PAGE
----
Now let's move on to the aging Moms and Pops, and why despite their continuing desires to sell their mobile home parks and retire or move on to something completely different. Why that can't happen or hasn't happened at any speed anyone would have expected? Well, the first one is simply the market is very, very inefficient. If you're an older Mom and Pop, you're probably not even on the radar screen because some of these folks, they don't even do any advertising at all. Many of them don't answer their phone, they don't even respond to letters. So the ability to reach out to them and say, hey, I want to buy your mobile home park, it requires a lot of effort. Whether it's direct mail or cold calling, or brokers who may be doing the same function over and over and over trying to get the listing. It's really hard to get, to identify and get in front of a lot of these older Moms and Pops. And that's just to get the process rolling. That's not even getting them to say yes, I'll sell at this price. For many of these people, their mobile home park is their largest asset. There's many, many people they have to ask advice from. So it's a very time intensive matter to get them to sell as well. So unlike the apartment industry, in single family where typically you have larger people who are professional investors who understand how the process works, and everything's for sale at a certain price, that's not necessarily true. With there's older Moms and Pops. And because the market is just so darned inefficient, it's going to keep the thing perpetually slow.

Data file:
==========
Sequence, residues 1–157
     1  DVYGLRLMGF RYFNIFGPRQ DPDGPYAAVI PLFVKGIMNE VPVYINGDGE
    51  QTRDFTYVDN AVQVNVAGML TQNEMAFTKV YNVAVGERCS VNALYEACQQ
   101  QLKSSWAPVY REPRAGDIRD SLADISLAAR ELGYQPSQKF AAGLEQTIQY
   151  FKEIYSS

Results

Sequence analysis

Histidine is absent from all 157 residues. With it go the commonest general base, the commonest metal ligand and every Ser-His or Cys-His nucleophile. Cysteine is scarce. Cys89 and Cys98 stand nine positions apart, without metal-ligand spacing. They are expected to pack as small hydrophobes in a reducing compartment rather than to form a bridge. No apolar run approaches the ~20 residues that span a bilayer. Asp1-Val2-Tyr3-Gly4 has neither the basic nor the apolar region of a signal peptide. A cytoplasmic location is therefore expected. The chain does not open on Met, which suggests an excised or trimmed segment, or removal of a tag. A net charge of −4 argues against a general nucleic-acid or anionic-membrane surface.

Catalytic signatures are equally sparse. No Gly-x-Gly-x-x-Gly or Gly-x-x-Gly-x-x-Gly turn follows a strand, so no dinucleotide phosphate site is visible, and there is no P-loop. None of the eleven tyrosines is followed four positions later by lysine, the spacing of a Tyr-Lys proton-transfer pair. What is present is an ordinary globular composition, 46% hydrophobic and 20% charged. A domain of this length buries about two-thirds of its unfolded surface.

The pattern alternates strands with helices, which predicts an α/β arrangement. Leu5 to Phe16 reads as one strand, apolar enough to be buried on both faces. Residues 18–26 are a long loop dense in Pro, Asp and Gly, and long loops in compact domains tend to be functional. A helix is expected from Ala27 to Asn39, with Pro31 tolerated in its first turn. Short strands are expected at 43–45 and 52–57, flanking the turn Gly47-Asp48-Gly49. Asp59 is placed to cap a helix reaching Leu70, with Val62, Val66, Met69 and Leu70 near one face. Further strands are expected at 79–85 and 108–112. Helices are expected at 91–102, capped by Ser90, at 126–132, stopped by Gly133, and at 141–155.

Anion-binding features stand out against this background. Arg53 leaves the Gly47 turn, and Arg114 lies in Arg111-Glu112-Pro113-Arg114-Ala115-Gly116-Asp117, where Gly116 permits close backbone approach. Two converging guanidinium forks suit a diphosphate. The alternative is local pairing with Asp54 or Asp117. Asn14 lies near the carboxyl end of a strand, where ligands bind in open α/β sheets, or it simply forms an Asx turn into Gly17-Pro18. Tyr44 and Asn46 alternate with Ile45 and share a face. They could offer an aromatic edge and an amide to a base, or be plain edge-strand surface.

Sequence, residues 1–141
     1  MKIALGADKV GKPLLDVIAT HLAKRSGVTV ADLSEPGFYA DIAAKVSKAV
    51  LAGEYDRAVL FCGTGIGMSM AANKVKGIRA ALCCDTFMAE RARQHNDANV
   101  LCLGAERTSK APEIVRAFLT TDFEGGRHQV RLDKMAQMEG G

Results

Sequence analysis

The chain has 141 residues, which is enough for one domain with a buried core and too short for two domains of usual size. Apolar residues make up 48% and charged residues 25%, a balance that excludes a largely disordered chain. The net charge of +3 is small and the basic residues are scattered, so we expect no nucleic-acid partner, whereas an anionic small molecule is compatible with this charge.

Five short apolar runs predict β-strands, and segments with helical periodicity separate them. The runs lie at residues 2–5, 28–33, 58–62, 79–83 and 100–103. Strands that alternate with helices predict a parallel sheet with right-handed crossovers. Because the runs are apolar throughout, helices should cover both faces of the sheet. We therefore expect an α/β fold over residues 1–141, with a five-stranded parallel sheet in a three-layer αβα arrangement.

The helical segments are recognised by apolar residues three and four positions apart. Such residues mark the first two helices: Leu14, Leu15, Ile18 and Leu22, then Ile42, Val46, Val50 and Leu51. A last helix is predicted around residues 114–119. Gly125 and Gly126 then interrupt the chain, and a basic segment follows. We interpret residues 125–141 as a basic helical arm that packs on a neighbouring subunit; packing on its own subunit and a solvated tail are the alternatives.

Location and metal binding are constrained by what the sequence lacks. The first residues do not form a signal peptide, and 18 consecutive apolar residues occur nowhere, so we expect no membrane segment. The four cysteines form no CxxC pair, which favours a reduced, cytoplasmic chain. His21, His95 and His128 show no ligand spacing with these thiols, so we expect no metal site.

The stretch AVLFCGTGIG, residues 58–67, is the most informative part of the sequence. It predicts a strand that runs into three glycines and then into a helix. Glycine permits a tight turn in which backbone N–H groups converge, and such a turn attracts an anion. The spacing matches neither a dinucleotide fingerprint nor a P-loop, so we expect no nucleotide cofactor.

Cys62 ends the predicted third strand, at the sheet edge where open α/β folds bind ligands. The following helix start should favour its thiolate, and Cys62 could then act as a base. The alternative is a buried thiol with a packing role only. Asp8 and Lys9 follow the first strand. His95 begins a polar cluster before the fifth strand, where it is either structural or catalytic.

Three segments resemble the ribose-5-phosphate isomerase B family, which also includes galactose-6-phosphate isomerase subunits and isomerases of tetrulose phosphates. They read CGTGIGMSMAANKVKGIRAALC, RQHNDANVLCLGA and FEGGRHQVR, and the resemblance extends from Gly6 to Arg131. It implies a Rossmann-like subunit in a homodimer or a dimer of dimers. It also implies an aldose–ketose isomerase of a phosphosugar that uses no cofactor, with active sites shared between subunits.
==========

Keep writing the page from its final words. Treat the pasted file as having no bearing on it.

The other item is the stigma. I'm not talking the Elizabeth Warren public shaming political stigma. I'm talking the very stigma against mobile home parks or some people call them trailer parks. Sure it harkens back to the media who's done a phenomenal job of trying to make everyone in the mobile home park industry feel like lesser citizens and that all mobile home park residents are in fact, not people who any of us should admire. Just look at exhibit A, Trailer Park Boys, Exhibit B Cops, Exhibit C Myrtle Manor, Exhibit D 8 Mile. What is the message that media has been sending? Well, over and over it's that people who live in mobile home parks are lesser beings, and therefore those who own mobile home parks well, they are to garner no respect whatsoever. Because of that a lot of investors who could be buying up mobile home parks from these aging Moms and Pops, they won't because they cannot climb over that stigma wall. It's too high. They're told by everyone - their friends, their relatives - that Oh no, don't buy a mobile home park, that's a terrible idea, go buy an apartment building instead.